Wilcannia and Covid-19: an Australia Story

On a Saturday, morning a few weeks ago, I heard the first reports that 4 people tested positive to Covid-19 in Wilcannia. Another 6 in nearby Broken Hill, 197 miles away. That’s nearby in Australian standards. People travel those distances regularly to play football and visit family.

Wilcannia is 946 kilometres (547 miles) from Sydney with a population of 745 mainly Indigenous residents. It sits on the Baaka River, better known to European settlers as The Darling. Since my youth, the river has been notable for its long dry spells. Few would imagine its days as part of a paddle steamer route, joining with the Murray River.

The story told here is best left to the people of Wilcannia and Australia’s Special Broadcasting Service (SBS), including Karla Grant and her team. We will make a few observations after you’ve made your own.

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Vaxxers, Resisters and Treaters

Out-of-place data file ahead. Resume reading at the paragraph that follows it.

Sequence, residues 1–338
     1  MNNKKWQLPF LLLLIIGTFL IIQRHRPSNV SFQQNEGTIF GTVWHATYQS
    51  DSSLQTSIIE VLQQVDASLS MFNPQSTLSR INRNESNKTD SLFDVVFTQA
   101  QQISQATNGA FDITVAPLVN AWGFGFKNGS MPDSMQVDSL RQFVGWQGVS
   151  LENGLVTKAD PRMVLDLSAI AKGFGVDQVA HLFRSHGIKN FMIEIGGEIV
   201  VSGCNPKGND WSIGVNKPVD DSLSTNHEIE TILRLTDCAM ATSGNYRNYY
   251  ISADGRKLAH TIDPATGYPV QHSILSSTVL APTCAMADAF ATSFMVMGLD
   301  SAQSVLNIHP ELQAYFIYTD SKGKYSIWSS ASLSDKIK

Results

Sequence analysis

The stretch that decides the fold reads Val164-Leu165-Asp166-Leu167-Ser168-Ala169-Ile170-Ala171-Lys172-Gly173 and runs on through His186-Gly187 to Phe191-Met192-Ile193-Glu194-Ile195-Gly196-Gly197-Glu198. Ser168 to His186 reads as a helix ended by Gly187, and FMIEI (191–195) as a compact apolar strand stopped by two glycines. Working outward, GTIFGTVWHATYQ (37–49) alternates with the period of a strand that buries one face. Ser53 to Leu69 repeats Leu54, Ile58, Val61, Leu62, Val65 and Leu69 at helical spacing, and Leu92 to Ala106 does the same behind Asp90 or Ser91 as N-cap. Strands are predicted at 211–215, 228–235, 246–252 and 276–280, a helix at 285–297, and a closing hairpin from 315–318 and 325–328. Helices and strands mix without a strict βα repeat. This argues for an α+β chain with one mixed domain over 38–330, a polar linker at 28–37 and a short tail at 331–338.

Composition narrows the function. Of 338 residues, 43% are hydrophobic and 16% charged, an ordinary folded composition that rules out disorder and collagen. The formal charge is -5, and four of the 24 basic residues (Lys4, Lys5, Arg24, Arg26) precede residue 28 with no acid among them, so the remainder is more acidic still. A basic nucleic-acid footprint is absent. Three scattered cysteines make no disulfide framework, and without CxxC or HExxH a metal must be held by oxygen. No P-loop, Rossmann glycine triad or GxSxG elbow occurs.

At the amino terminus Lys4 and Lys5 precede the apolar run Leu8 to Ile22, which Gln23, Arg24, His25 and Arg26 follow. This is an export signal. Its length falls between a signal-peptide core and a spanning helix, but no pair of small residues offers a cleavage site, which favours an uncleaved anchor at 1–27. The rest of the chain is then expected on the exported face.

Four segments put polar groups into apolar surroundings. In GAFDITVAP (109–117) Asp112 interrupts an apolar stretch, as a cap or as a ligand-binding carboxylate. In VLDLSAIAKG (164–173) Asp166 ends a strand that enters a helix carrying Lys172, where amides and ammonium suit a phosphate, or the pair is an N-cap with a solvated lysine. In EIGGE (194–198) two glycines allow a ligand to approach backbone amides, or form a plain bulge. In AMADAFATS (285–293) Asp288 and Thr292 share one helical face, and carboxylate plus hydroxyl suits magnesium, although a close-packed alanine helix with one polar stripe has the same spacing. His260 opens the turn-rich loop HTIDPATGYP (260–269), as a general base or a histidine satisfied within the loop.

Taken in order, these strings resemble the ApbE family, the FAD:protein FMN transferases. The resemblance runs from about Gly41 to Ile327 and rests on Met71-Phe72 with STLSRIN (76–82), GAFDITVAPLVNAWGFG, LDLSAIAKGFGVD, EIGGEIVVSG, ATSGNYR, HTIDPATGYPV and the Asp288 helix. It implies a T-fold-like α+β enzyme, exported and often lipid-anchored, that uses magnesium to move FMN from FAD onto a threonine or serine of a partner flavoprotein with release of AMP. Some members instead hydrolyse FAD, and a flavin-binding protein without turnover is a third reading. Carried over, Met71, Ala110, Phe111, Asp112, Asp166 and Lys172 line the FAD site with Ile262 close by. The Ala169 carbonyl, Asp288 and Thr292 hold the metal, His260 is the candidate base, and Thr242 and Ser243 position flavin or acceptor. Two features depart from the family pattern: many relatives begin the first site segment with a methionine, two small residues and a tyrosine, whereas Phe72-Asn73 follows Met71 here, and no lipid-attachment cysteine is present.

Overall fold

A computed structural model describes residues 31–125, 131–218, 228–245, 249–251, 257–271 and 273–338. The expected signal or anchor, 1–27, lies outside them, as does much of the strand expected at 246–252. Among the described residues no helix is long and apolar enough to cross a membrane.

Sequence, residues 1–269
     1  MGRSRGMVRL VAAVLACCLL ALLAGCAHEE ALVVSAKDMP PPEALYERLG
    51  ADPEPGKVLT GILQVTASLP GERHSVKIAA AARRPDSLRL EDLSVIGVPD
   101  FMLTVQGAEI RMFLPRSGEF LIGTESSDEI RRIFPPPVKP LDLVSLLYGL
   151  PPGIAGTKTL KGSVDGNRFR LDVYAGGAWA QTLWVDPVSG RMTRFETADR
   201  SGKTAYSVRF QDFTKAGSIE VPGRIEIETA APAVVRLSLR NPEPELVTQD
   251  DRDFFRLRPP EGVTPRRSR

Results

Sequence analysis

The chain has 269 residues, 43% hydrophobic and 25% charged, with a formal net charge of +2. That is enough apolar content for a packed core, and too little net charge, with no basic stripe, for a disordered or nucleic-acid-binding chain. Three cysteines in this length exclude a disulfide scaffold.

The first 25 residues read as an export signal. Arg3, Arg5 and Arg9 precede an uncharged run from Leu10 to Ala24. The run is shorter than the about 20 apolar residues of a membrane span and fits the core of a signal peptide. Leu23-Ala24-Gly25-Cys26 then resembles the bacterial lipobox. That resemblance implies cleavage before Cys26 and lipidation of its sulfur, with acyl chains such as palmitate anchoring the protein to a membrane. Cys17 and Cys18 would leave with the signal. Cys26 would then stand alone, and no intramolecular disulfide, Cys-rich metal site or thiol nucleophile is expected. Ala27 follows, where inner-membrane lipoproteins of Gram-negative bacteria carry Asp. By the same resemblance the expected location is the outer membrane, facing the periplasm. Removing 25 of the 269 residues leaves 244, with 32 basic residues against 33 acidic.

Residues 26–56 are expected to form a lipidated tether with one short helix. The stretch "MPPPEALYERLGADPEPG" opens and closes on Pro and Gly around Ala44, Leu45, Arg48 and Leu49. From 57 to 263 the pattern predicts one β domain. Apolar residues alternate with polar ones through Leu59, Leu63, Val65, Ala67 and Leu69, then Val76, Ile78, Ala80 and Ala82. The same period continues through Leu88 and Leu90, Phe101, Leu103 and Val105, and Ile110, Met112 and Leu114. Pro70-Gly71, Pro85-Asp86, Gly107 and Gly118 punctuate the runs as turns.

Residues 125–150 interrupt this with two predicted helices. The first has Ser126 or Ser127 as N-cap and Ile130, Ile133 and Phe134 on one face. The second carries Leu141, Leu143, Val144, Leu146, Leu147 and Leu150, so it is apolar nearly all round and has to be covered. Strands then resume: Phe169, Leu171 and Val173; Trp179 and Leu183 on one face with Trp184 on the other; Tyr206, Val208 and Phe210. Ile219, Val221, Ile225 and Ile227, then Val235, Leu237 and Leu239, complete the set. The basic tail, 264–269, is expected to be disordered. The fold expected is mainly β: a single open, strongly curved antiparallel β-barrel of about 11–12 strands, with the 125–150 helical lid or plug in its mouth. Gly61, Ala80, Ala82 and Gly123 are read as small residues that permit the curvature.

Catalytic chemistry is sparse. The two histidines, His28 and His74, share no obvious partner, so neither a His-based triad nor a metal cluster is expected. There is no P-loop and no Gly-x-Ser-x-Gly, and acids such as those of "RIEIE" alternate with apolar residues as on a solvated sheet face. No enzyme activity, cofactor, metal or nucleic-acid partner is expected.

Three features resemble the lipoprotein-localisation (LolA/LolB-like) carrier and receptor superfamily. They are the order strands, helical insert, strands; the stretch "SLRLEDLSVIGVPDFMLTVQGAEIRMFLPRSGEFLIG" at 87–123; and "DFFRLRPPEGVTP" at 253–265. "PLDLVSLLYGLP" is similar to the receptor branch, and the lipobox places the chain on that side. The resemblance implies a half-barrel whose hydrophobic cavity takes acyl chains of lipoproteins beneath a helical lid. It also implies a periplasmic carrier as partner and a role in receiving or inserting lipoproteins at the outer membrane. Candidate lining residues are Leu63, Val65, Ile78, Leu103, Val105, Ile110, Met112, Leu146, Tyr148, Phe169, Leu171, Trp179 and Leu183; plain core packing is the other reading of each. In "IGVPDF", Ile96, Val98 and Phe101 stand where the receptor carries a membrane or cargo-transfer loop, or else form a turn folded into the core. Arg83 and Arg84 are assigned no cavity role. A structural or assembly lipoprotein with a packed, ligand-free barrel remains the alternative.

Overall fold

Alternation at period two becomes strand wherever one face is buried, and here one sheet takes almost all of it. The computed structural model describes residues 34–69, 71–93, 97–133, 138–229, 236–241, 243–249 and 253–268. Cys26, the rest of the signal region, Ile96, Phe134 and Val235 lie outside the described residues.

I don’t have a medical background
Yet, why should this disbar me from commenting on the state of the present politically and now military driven Covid-19 response. We have some incredibly sycophantic, uninformed members of the media doing exactly that right now. Other players seem to have stridently anti-social views and agendas. I am not denying Covid-19 can have extreme adverse effects on people who contract it. I do believe our response would be improved by broadening participation to include clinicians and experts who are not so tightly wedded to the vaccine or nothing outlook. The discussion that follows is based on my experience as a resident of Australia’s most populous state, New South Wales.

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